They sure don’t make monopolies like they used to. Gone are the days when regulators needed to protect consumers from price gouging, market manipulation, market control, and abuse. Government intervention in the public’s interest seems almost quaint by today’s standards. The bar for antitrust and monopoly claims from either political party has fallen so low we don’t even trip over it while rushing toward accusations – accusations that do unnecessary and unintended harm to tens of millions of small businesses, hundreds of millions of consumers and the national economy.
There are substantive and well-documented concerns over the role of platforms and our increased reliance on technology as both a society and an economy. It is altogether reasonable to enter into a national debate on how best to regulate the use of personal data and protect personal privacy. The conflation of those issues and the general lament about the size and influence of Big Tech, however, has spurred a search for solutions where no problem exists.
Lately, it has become politically beneficial to accuse America’s largest and most ubiquitous technology companies of antitrust and anticompetitive behavior, but no one is asking why this is – not the consumers who enjoy the benefits of faster, cheaper, and better everything; not the platforms that are competing with one another to bring new products and services to market; and certainly not businesses, small or otherwise, that are leveraging innovative products to compete in their respective markets.
The threat of disrupting the current model is particularly troubling for the more than 28 million digitally empowered U.S. small businesses. Business owners know all too well that successfully running a business takes tools, training, and support. They also know that, in today’s interconnected business world, those tools and support frequently come from large, global companies.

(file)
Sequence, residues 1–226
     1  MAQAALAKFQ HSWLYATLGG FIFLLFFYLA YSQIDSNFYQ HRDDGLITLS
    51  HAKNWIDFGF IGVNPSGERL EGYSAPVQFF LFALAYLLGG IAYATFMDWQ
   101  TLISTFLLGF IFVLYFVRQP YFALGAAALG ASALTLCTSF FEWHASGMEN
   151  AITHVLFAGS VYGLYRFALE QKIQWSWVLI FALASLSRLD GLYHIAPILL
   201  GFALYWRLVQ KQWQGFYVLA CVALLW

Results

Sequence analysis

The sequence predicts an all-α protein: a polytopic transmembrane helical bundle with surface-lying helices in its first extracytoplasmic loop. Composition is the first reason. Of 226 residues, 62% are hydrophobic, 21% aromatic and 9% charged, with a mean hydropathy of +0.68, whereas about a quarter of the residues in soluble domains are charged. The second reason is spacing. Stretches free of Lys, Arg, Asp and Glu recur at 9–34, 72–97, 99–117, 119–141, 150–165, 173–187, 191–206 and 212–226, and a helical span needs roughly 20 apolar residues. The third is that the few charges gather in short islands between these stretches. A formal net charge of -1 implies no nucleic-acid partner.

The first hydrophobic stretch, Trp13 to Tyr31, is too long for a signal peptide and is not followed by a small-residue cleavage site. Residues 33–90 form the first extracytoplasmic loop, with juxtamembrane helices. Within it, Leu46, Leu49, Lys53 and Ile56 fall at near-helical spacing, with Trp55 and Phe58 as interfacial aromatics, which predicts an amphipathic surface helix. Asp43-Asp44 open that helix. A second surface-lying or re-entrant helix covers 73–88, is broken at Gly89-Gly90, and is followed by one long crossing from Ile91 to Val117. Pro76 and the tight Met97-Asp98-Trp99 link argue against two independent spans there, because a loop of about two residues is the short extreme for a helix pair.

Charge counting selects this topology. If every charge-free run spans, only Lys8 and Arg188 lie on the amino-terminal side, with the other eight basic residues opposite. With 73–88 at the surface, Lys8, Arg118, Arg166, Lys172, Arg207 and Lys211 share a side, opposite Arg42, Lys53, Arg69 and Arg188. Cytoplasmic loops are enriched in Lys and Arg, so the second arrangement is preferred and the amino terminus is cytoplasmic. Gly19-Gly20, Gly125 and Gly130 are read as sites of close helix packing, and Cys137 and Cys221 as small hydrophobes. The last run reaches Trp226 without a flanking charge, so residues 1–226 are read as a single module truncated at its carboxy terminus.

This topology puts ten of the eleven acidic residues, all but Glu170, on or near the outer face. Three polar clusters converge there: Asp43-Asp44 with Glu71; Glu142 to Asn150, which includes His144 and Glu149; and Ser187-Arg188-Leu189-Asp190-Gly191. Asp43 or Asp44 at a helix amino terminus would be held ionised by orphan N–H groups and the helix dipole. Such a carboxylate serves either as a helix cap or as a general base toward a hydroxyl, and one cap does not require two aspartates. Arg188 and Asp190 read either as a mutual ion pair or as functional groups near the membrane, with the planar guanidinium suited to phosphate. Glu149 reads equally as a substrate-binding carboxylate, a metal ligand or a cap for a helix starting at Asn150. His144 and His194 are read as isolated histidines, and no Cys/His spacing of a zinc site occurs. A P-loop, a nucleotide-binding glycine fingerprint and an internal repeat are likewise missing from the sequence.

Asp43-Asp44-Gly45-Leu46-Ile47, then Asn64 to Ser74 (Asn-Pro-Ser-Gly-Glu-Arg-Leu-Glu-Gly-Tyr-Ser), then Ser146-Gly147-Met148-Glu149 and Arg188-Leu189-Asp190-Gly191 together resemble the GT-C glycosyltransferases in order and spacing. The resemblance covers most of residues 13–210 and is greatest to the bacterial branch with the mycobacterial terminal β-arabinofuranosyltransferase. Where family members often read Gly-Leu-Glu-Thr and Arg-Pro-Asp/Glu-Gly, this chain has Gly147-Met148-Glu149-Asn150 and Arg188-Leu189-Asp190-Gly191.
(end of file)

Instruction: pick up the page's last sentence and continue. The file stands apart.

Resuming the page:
Meeting the needs of growing companies is essential to America’s tech industry leaders, and not just in terms of economic growth or profit margins. Giving small businesses a running start is a national imperative. U.S. leadership in the world requires continuous innovation and economic strength. Big tech has invested billions in U.S. small businesses, and we have all reaped the rewards.
According to an analysis recently released by the global research firm Deloitte on the value of digital tool use by American small businesses, we are enjoying a period of historic American entrepreneurialism and small business growth. More than 85% of America’s small businesses that use digital tools report higher performance, more customers or growth in their bottom line. Those companies are twice as profitable and three times as likely to grow year to year. In short, as the report states, “businesses with higher levels of digital engagement are more likely to have a growing customer base in the United States, increased customers internationally, better financial performance, more employment growth, and more innovative practices.” For anyone that works for or with a small business, this must be incredibly obvious. The value of big tech serving small business and vice versa is evident in nearly every aspect of American life and the U.S. economy.
The analysis by Deloitte also reported that nearly 300,000 small businesses represent 97.6 percent of all American exporters. The value created by these small businesses amounts to 32.9 percent of the $1.3 trillion in goods and services exported by the U.S. every year. [CS2] Many of the daily achievements of small businesses, which are made possible by access to Google GSuite, the Facebook customer building tools, or Amazon’s seller’s market, were unthinkable a decade ago.
Without the scale, reach, security, and support of larger technology providers, a maple syrup producer in Wisconsin could never find customers in France. A decades-old plumbing company in Missouri could not breathe new life into its business through increased efficiency, digital advertising, and a growing online presence. Tools that remove geographic barriers and market limits enable America’s most productive and profitable small businesses to compete and win, both locally and in the global market.
Big Tech has played a vital role in the growth of American small businesses. The accusations of antitrust and monopolistic behavior by Big Tech are not simply unfounded; they are bad for business. Acting on these accusations would be disastrous for small businesses that have built their digital infrastructure on affordable, scalable, and secure services hosted by larger companies. We’ve come too far to go back now.